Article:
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Intro::'Tage Mahal

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Title::oliva    Length::album    Savatage::mahal    Oliva's::o'neill    Metal::small    Albums::category

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‍ '​Tage Mahal is a 2004 release by Jon Oliva's Pain. This was the first non-Savatage related release by Jon Oliva since 1994's Doctor Butcher.

Ironically, just like Savatage, the band faced a problem with its name. Oliva originally wanted to call the band 'Tage Mahal,<ref name="PPII">ProgPowerUK II programme. Interview with Jon Oliva, page 7.</ref> as a homage to Savatage, although Oliva admits he could have called the band "Savatage, or Jon Oliva's Savatage, or Savatage Lite, but I didn't do that out of respect for the guys that were in Savatage."<ref name="PPII"/>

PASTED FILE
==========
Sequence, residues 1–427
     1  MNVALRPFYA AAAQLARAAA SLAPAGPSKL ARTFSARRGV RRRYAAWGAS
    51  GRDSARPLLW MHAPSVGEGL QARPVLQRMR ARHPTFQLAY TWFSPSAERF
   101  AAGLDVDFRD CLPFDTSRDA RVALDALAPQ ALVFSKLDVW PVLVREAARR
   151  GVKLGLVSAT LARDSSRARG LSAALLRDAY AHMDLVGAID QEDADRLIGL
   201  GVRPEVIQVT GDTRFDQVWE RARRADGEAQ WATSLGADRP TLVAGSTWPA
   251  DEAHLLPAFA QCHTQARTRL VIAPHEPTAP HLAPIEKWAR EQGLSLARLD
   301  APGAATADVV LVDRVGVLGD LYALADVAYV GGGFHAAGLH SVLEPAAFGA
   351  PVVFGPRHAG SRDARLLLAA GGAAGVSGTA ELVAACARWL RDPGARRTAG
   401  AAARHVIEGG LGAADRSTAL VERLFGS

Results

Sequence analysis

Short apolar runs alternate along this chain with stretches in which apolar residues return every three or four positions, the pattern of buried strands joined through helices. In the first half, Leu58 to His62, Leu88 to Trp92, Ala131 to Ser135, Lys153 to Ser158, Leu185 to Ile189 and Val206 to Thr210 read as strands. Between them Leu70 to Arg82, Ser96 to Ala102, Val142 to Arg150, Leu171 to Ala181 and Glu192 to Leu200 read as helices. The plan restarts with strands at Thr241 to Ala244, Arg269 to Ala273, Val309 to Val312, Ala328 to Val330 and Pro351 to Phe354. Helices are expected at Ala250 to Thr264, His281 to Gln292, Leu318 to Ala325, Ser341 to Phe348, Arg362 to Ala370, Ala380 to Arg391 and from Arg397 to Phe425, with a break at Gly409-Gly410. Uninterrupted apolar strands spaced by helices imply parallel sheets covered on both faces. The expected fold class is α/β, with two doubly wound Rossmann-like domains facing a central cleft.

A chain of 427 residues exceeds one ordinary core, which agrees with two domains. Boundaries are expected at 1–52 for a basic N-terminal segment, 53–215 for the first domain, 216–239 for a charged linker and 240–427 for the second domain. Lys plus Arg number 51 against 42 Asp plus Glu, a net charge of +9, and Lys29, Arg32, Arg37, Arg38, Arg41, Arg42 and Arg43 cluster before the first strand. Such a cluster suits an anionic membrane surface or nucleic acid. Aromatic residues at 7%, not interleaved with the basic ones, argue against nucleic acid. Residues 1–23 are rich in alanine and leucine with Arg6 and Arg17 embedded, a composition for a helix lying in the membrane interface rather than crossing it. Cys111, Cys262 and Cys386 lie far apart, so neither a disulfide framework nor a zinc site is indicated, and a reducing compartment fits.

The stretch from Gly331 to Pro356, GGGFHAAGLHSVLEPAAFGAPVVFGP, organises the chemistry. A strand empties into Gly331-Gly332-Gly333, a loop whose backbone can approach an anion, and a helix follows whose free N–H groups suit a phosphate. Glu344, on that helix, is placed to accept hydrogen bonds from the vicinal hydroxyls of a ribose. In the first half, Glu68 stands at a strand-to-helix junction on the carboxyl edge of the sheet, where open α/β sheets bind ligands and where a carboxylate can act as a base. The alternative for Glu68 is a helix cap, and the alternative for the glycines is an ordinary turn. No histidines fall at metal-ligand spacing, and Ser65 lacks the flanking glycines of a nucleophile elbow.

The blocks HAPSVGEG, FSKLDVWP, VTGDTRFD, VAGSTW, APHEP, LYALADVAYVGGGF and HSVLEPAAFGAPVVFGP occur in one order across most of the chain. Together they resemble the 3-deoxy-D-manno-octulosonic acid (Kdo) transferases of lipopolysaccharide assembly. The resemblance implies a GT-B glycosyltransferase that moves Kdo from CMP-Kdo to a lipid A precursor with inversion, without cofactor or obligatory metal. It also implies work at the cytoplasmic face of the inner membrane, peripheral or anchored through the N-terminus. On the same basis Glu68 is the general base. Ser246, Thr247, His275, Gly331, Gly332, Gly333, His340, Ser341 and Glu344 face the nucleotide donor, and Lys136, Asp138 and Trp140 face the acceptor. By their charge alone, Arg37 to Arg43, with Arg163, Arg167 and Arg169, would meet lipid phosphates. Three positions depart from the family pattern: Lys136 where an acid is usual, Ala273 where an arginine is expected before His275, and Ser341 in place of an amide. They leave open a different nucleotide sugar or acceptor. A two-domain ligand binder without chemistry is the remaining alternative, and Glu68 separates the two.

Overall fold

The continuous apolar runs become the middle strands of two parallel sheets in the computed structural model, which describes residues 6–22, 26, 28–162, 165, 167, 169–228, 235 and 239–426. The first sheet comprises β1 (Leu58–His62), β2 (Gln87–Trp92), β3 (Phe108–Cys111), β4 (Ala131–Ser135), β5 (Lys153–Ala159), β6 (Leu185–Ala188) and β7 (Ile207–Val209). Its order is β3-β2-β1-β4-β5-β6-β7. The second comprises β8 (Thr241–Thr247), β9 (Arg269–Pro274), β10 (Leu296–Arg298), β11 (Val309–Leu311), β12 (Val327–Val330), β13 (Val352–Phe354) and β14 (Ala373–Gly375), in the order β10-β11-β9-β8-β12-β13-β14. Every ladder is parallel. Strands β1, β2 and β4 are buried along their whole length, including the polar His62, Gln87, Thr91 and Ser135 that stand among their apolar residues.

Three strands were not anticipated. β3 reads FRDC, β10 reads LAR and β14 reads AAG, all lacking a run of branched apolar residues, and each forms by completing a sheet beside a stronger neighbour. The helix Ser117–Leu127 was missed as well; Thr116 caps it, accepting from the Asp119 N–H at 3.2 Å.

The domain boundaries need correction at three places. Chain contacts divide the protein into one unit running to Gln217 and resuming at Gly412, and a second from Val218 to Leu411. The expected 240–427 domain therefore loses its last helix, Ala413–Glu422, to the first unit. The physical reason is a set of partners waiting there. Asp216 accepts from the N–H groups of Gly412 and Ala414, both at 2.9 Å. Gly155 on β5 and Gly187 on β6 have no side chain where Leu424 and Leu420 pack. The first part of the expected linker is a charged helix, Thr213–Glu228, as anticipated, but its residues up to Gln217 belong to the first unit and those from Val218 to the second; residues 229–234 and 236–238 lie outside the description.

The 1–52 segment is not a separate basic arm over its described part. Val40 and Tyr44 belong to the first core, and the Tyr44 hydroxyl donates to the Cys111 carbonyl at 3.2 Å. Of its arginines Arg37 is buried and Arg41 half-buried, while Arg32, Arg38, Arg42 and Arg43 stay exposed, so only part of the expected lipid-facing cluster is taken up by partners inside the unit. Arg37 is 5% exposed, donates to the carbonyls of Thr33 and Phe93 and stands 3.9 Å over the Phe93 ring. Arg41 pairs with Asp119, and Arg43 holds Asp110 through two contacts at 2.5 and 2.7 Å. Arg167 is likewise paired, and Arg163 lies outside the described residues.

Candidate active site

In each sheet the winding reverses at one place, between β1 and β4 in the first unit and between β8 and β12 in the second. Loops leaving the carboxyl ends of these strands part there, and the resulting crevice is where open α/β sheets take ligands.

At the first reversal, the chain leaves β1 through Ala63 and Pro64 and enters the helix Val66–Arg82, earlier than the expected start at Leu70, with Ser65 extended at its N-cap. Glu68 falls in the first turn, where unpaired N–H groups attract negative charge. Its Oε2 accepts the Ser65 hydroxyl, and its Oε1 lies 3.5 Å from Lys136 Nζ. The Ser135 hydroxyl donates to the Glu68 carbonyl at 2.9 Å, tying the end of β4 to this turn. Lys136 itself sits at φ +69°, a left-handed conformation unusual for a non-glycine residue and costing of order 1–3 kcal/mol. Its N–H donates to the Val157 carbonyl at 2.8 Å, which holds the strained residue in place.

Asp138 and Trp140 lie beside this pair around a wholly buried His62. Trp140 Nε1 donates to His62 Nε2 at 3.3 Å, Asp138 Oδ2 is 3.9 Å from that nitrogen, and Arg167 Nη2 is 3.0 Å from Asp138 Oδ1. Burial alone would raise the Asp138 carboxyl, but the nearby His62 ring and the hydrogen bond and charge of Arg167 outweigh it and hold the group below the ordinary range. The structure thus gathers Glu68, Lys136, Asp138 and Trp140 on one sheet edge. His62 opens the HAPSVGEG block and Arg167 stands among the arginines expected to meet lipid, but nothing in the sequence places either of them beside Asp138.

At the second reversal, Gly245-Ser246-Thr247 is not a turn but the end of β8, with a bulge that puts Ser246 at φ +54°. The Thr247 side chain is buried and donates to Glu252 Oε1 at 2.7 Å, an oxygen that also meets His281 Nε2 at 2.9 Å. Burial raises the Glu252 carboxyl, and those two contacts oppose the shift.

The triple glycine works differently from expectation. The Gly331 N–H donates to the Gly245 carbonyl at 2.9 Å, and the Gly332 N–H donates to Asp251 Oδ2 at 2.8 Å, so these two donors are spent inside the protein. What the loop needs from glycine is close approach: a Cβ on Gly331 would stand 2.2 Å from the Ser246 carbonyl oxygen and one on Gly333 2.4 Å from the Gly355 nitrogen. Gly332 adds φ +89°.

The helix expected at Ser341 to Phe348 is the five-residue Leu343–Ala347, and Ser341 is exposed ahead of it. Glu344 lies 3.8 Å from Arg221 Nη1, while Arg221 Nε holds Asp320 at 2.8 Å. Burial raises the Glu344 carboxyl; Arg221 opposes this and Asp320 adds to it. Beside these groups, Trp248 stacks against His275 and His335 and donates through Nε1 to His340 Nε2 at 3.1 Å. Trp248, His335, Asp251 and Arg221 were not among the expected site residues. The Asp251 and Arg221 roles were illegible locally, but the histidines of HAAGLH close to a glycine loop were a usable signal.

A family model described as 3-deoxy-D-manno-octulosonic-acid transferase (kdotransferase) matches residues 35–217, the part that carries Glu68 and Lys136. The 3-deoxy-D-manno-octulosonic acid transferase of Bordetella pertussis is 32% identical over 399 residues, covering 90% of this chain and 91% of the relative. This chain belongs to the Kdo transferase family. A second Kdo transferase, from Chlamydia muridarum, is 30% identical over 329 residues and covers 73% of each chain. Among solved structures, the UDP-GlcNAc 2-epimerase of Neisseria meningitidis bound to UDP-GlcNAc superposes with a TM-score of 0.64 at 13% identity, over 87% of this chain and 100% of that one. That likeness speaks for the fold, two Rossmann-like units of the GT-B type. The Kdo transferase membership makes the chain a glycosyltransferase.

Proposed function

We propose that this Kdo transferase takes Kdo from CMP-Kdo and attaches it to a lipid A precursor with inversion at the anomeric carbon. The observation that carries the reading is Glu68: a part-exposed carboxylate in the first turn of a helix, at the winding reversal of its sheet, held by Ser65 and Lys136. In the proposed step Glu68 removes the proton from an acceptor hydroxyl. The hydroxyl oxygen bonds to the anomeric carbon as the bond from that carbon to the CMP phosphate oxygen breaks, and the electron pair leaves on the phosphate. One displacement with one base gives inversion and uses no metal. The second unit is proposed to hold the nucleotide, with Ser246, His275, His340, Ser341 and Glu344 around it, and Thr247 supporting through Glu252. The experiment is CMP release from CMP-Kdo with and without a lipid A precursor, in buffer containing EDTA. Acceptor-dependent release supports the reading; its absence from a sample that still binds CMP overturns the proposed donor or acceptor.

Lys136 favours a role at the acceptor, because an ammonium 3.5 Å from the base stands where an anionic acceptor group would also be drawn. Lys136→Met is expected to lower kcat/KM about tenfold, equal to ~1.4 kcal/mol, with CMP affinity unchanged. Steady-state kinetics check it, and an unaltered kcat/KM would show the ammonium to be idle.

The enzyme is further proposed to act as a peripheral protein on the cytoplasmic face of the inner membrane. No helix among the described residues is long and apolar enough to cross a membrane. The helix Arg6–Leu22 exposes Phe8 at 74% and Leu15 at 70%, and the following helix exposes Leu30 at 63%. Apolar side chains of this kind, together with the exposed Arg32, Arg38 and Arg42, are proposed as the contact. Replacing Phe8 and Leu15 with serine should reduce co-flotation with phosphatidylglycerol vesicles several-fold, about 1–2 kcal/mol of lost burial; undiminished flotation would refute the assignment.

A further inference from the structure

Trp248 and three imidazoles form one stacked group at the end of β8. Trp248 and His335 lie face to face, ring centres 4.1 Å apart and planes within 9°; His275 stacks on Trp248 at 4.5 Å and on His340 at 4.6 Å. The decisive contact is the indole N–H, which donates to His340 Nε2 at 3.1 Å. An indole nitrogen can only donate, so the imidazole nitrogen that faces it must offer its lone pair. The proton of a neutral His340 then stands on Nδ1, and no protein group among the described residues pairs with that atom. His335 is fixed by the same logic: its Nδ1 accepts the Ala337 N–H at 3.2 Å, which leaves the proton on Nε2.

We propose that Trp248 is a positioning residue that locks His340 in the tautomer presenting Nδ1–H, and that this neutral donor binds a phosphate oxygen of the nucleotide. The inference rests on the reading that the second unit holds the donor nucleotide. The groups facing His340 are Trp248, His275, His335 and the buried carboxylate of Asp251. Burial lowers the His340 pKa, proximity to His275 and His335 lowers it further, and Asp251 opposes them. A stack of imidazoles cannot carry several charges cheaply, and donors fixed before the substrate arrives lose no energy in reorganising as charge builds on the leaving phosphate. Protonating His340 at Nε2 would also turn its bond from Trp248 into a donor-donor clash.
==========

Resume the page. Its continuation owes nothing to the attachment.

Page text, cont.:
Prior to the album's release, Oliva discovered a blues musician Taj Mahal. Under the Consumer Confusion law, the album would have been pulled off the shelves, despite the 'Tage spelling. Instead of holding the record up thinking of a new title, Oliva instructed SPV to simply swap the titles around.

Oliva noted the album was "received great, but it sold shit because the record company didn't do anything with it"<ref name="PPII"/> because Oliva believes the label wanted a new Savatage record, but both Oliva and long-time producer, Paul O'Neill said no. As a result, on the band's 2006 and 2007 tours, the band has not performed songs from the album as part of their set.

The only song on the album not credited solely to Oliva, "The Nonsensible Ravings of the Lunatic Mind", which was co-written by Savatage guitarist Chris Caffery, is an outtake from Savatage's most recent release, 2001's Poets and Madmen.


'Tage Mahal sections
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